Yet strangely, the more serialized a streaming series is, the less compelled I am to binge it. The difficulty in sustaining a single story across 13 episodes is made perfectly clear in the ultra-serialized takes on Netflix's aforementioned Marvel shows and Amazon's lopsided Man in the High Castle. When every episode – particularly around the middle of the season – is just a transitional step in a larger story, you need to throw in a lot of compelling material into each episode just to make that hour compelling. (And I do mean hour – only rarely do these already-laborious episodes dip below 50 minutes in length.) And frustratingly, many of these shows don't focus on making individual episodes compelling; they tease you with early signals of great things to come, hoping you'll stick through five or six slow and aimless hours to get to the forthcoming excitement. And in the age of Peak TV, when hundreds of faster-moving, non-streaming-original shows are literally just a click away, that's not an especially sound investment for either producer or consumer.
Nowhere are the problems with the streaming model more noticeable than in Mad Dogs, the TV show-turned-miniseries that Amazon released all 10 episodes of this past January. Produced by Shawn Ryan (creator of The Shield, an excellent cable drama that masterfully balanced episodic plots with larger ones), Mad Dogs tells the story of four friends trying to escape from Belize after a weekend excursion goes quickly south. There's enough genuine story here for a two-hour film, but at over eight hours of full running time, Mad Dogs huffs and puffs to sustain its momentum, contriving one absurd development after another and taking its story in numerous unrelated directions, only for the finale to haphazardly and perfunctorily tie everything together. (Fans of The Shield will recall how well that show's finale managed to tie together seven seasons' worth of story threads; Mad Dogs, comparatively, is barely capable of tying together those of one.) The writers had a starting point, and an ending point, but very little of what happened in the middle convinced me that they knew how to properly connect those two dots.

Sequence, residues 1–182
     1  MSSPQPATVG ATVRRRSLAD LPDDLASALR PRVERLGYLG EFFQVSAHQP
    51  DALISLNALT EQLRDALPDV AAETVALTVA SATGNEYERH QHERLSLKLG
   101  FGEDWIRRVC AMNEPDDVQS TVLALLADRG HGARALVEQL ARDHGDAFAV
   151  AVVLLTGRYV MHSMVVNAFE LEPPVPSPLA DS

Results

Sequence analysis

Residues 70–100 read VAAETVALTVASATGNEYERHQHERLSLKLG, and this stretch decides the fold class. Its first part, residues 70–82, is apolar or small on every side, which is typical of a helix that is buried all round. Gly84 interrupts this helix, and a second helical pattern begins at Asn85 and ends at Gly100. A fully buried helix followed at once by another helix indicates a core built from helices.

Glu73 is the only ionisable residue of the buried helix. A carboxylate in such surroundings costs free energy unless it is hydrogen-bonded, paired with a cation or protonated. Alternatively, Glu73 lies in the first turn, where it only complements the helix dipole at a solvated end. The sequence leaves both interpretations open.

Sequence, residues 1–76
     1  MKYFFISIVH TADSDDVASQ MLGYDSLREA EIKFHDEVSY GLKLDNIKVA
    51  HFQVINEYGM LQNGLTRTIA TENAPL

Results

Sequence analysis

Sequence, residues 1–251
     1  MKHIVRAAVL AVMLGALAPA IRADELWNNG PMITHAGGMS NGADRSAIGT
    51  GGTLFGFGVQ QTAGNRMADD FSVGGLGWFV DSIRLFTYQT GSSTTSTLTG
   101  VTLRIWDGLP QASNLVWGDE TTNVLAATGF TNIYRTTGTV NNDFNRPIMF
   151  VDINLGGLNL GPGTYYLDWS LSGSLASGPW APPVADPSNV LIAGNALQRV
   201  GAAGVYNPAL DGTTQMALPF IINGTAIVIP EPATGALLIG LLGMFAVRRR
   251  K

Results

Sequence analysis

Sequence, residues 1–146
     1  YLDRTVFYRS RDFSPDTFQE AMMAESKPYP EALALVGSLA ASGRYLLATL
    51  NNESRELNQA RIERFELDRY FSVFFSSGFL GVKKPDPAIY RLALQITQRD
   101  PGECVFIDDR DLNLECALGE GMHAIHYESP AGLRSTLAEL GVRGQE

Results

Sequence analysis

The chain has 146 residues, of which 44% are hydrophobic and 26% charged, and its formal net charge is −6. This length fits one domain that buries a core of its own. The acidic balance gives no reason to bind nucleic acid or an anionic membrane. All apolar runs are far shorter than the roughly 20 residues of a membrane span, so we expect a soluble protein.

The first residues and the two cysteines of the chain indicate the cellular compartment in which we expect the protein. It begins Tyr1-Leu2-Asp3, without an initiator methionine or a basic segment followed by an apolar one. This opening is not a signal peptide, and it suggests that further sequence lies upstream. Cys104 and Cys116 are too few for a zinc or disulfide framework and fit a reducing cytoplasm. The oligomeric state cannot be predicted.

Conversely, the streaming shows I find myself more willing to binge (or at least watch at a quicker pace) are the more recognizably episodic: Bojack Horseman, Unbreakable Kimmy Schmidt, Master of None, Mozart in the Jungle, Orange is the New Black. Because these shows offer more tangible entertainment within each episode, there's a more compelling reason to stick around – what, we wonder, will be Kimmy's next clueless venture? Which Litchfield inmate will the next episode focus its flashbacks on? Even if the third season of Orange lacked a compelling narrative drive, the clear distinctive identity of each episode compelled me to finish it in under a week. (That's not to say that more-episodic streaming shows are necessarily better – see Fuller House or the overrated Transparent – but the episodic model overall works more effectively when it comes to quality storytelling.)
Netflix is clearly going to be in the original TV business for a while – it's releasing a new season to the public nearly every week – and while they won't divulge their numbers, they're clearly happy with the viewership of Daredevil and Sense8 and Bloodline and Narcos. Their common boast – that full-seasonal releases and binge-viewing are the way of the future – sounds confident in theory, and are particularly boosted by the ever-increasing utilization of the Internet. But if binge-able TV and quality TV are to exist harmoniously, streaming sites need to step back and understand precisely what made people want to start marathoning their favorite shows in the first place.
Jeremy Grayson is a writer for Critically Touched. He would label himself a "Critically Touched writer," but that just sounds kinda weird.